ROW Agent 2 2
ROW Appraiser 1 1
ROW & Contracts Manager 1 1
SALARY
AUTHORIZED POSITIONS
TOTAL

LEGAL
HUMAN

FINANCE
CENTRAL
HIGHWAY

SERVICES

DIRECTOR
MANAGING
CUSTOMER
CONCERNS
PLANNING &

RESOURCES
OPERATIONS
ENGINEERING
MAINTENANCE

TRAFFIC-SAFETY

ENVIRONMENTAL
Risk & Insurance Analyst 1 1
Risk Management Program Coordinator 1 1
Safety Supervisor 1 1
Secretary 1 1 1 1 1 1 1 1 8
Senior HR Specialist Total Benefits &
Compensation 1 1
Senior Human Resources Specialist Labor
Relations 1 1
Senior Manager of Communications/
Public Information Officer 1 1

44
Signal Systems Engineer 1 1
Skilled Foreman 4 3 7
SID Supervisor 1 1
Special Assessment Analyst 1 1
Survey Assistant 2 2
Survey Crew Chief 4 4
Traffic Engineer 1 1
2017/18 Budget Exhibit A-7

Traffic Operations Tech 1 1


Transportation Planning Coordinator 1 1
Utilities Coordinator 1 1
Weighmaster 1 1
Superintendent-In-Training 0
TOTAL AUTHORIZED SALARY POSITIONS 9 25 16 9 6 17 83 15 37 40 257
HOURLY
AUTHORIZED POSITIONS
TOTAL

LEGAL
HUMAN

FINANCE
CENTRAL
HIGHWAY

SERVICES

DIRECTOR
MANAGING
CUSTOMER
CONCERNS
PLANNING &

RESOURCES
OPERATIONS
ENGINEERING
MAINTENANCE

TRAFFIC-SAFETY

ENVIRONMENTAL
Assistant Sign Fabricator 1 1
Auger Operator 3 3
Building Maintenance Laborer 3 3
Carpenter 1 1
Crew Leader 4 3 7
Electrician 22 22
Float Operator 17 17
Forestry Crew Leader 4 4

45
Grade Person 7 7
Grader Operator 19 19
Guardrail Installer 3 3
ITS Communications 1 1
Janitor 1 1
Laborer II 3 14 18 35
2017/18 Budget Exhibit A-7

Loader Operator 6 6
Mechanic 32 32
Shoulder Maintainer 5 5
Shovel/Patchmaster Operator 7 7
HOURLY
AUTHORIZED POSITIONS
TOTAL

LEGAL
HUMAN

FINANCE
CENTRAL
HIGHWAY

SERVICES

DIRECTOR
MANAGING
CUSTOMER
CONCERNS
PLANNING &

RESOURCES
OPERATIONS
ENGINEERING
MAINTENANCE

TRAFFIC-SAFETY

ENVIRONMENTAL
Sign Fabricator 1 1
Sign Truck Driver 8 8
Skilled Laborer I 6 6
Small Tool Engine Repair Mechanic 1 1
Small Tool Repairman/Janitor 0
Solid State Electrician 2 2
Stock Clerk 3 3

46
Storekeeper 2 2
Special Traffic Counts 1 1
Street Sign Fabricator 1 1
Tandem Float Driver 62 62
Tire Repair 1 5 6
Tractor Semi Driver 7 7
Traffic Counter 2 2
2017/18 Budget Exhibit A-7

Tree Trimmer 8 8
Underground Laborer 2 2
Vactor Operator 6 6
Watchman 4 4
TOTAL AUTHORIZED HOURLY POSITIONS 0 0 0 0 0 55 0 0 61 180 296
2017/18 Budget Exhibit A-7

553
TOTAL

220
HIGHWAY
MAINTENANCE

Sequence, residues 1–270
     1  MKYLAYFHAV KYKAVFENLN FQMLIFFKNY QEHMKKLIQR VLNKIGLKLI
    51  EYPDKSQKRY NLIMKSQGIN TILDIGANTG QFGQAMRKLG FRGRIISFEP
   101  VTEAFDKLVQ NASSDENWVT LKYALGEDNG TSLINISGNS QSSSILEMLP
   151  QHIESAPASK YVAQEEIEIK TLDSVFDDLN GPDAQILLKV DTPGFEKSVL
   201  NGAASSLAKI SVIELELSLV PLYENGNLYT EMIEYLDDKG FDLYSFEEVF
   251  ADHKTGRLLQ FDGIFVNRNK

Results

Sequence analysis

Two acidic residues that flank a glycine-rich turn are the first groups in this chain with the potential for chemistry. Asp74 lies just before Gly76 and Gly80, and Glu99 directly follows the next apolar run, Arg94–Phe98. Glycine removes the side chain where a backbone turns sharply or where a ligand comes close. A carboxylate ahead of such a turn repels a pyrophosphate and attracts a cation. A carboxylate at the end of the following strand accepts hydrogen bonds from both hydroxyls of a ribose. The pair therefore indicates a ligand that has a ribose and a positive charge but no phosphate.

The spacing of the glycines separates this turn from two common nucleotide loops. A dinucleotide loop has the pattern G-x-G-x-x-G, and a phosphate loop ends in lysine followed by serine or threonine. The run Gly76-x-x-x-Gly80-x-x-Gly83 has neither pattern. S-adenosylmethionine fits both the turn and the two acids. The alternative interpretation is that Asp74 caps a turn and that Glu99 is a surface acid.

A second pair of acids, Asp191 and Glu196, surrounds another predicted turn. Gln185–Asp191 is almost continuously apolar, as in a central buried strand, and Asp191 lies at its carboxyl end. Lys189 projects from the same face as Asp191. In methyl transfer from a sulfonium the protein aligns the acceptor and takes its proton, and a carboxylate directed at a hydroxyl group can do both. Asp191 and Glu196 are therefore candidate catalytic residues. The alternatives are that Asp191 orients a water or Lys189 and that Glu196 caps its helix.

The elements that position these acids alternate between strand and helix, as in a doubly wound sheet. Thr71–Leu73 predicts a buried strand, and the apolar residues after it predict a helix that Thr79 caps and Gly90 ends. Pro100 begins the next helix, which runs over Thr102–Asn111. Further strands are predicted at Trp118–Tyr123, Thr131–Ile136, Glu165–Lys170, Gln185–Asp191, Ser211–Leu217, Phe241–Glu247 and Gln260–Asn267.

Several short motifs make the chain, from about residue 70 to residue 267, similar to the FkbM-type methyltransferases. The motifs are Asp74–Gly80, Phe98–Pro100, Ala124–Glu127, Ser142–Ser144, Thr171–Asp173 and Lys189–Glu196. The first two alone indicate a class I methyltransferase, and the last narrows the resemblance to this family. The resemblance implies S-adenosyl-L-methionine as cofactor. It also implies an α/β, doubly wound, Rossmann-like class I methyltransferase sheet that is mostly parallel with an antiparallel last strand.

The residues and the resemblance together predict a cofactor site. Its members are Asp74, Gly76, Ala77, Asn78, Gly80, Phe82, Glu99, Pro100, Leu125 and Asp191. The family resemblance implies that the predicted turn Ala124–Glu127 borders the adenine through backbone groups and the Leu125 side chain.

98
TRAFFIC-SAFETY

PLANNING &
15

ENVIRONMENTAL
CONCERNS
83

ENGINEERING
72

CENTRAL
OPERATIONS
6

HUMAN
RESOURCES
9

LEGAL
16

FINANCE
25

CUSTOMER
SERVICES
9

MANAGING
DIRECTOR
TOTAL AUTHORIZED POSITIONS
AUTHORIZED POSITIONS
SALARY/HOURLY

47
DEPARTMENTS
2017/18 Board of Road Commissioners

BOARD OF ROAD COMMISSIONERS


A three-member Road Commission was established under Public Act 283 of 1909 and appointed by the
County's Board of Commissioners in 1913. Today, the Board of Road Commissioners is responsible for
approximately 2,700 miles of roads, and a budget funded principally by the state-collected vehicle fuel
and registration taxes under Michigan's Public Act 51. Other sources of funds are provided by federal,
state and local governments and proceeds from the sale of bonds.

48
2017/18 Board of Road Commissioners

Object Detail

Board of Road Commissioners

Beginning Amended
Actual Budget Budget Budget
Object 2015/16 2016/17 2016/17 2017/18

Salaries $31,238 $31,000 $37,200 $41,000

Supplies, Materials & Parts


Stationery & Office Supplies 181 250 250 250
Books, Subscriptions & Publications 0 0 0 0
Membership Fees & Dues 0 0 0 0
181 250 250 250

Contracted Services
Audit 79,500 95,000 95,000 90,000

Other Expenses
Travel 4,386 5,500 5,500 7,500
Awards-Employees & Retirees 18,773 11,678 11,678 16,888
23,159 17,178 17,178 24,388

TOTAL $134,078 $143,428 $149,628 $155,638

49
2017/18 Board of Road Commissioners

Position - Salary Detail

Board of Road Commissioners

Salary Salary
Minimum Maximum Appropriation

3 Road Commissioners $13,000 $15,000 $41,000

TOTAL $41,000

50
2017/18 Office of the Managing Director and
Secretary Clerk of the Board

OFFICE OF THE MANAGING DIRECTOR

Managing Director/Secretary Clerk of the Board

The Managing Director is RCOC's chief executive officer. As such, the Managing Director is charged with
overseeing all day-to-day operations of the agency and establishing operational procedures based on the
policies adopted by the Board of Road Commissioners.

The Managing Director is also responsible for the creation and execution of the RCOC budget. Once the
Board of Road Commissioners has adopted the budget, it is the Managing Director's responsibility to
ensure that the programs, projects and expenditures established in the budget are faithfully discharged.

Deputy Managing Director

The Deputy Managing Director is responsible for overseeing the technical activities of all RCOC
departments and the Road Improvement Program. In the absence of the Managing Director, the Deputy
Managing Director assumes full responsibility for RCOC's management and operations based on the
policies adopted by the Board of Road Commissioners.

The Deputy Managing Director also serves as the County Highway Engineer.

Senior Manager of Communications/Public Information Officer

The Senior Manager of Communications/Public Information Officer leads and directs all communications
and public relations activity for the Road Commission. The Senior Manager of Communications/Public
Information Officer also serves as the official spokesperson for the agency and manages all media
contacts and relationships in an effort to build a credible network. The Senior Manager of